You’ve got to be proactive and the most important thing is to build relationships and always be growing your network. Don’t just apply for jobs and wait for opportunities to land in your lap – employers are going to want to see that you’re proactive…that you’ve put on gigs, promoted bands, managed your mate’s band… you really cut your teeth and learn skills in this business just by getting stuck in. Be nice to everyone and help people out when you have the opportunity to do so, this is a people business and if you’re a dick you won’t last long. I bought my friend Renae a shirt which says ‘Don’t Be A Dick’ recently – it’s our motto.
Do you feel that higher education is necessary to establish a career within the music industry?
It depends what you want to do, in some areas it’s more important than others. I’d say most of my friends in music do have degrees, but we are all in ‘office jobs’ (so record labels, trade bodies, PR etc). If you want to be a tour manager or record producer for example, that’s a different story, I think it makes more sense just to get out there and start doing it. I would like to see this industry be more accessible to people from different backgrounds. Historically it has been so common that you have to have a degree, or a parent who is friends with a CEO, or be able to work for free in unpaid internships for months in order to get a foot in the door. That shuts the door on people from poorer backgrounds and as an industry that really needs to change.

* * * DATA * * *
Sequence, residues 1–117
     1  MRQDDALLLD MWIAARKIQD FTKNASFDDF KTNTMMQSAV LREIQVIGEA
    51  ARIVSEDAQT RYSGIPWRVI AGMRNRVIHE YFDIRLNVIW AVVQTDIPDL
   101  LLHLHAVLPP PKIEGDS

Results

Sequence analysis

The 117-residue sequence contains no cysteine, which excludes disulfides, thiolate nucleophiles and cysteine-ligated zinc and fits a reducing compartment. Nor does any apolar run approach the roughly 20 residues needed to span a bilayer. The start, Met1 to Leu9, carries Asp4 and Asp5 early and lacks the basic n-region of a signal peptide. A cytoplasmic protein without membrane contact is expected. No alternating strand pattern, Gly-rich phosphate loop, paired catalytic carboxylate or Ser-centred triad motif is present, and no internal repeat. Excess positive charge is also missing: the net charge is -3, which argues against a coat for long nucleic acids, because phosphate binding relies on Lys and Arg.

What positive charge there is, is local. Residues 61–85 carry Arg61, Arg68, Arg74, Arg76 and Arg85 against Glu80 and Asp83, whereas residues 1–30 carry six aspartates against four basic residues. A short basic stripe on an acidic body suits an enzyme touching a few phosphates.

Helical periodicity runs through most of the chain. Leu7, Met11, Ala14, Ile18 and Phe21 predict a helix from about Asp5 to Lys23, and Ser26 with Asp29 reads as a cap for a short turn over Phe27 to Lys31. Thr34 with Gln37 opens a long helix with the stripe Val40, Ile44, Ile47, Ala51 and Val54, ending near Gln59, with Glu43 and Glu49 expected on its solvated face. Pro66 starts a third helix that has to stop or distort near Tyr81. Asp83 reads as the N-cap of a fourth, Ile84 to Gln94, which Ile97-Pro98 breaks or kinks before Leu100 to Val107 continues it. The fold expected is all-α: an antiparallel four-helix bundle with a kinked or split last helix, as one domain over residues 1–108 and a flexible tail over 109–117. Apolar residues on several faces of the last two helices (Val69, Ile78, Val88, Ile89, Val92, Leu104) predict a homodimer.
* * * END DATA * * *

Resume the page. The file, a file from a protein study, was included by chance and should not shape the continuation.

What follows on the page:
What is the best life advice you’ve ever received?
To have more confidence and be more assertive. I still haven’t got this figured it out to be honest, but I’m trying! I spent my entire 20s being shy and not pushing myself forward. I think this is true of a lot of people I know in music, particularly women. Now I always try to push myself out of my comfort zone – do public speaking at events, take on clients in new areas that I don’t think I know much about – because it’s a good way to learn and build confidence. This month I’m doing a TEDx talk… I must be mad.
What issues do you feel the English music industry and also the global industry are currently facing and how do you think these could be changed and improved?
Well thankfully after more than a decade of decline, the British music industry (like most markets around the World) is returning to good health. So the issue I think we need to focus on now is looking after the people in the music industry.
I also want to raise the issue of mental health as often as possible. This is an ‘always on’ business…long office hours, nights at gigs, extended touring and travelling, drinking etc etc – all of this can really take its toll on mental health whether you’re an artist or someone working on the business side. I’m glad we’re starting to talk about this but there’s a long way to go. And we need to address sexual harassment and assault. #MeToo was an eye opener, but what are we doing about it? Most people in the music business are too afraid to report it when they’re harassed or assaulted, for fear of losing their career. We need to make some real cultural and structural changes to address this problem.
Where do you live and what is your local scene like at the moment?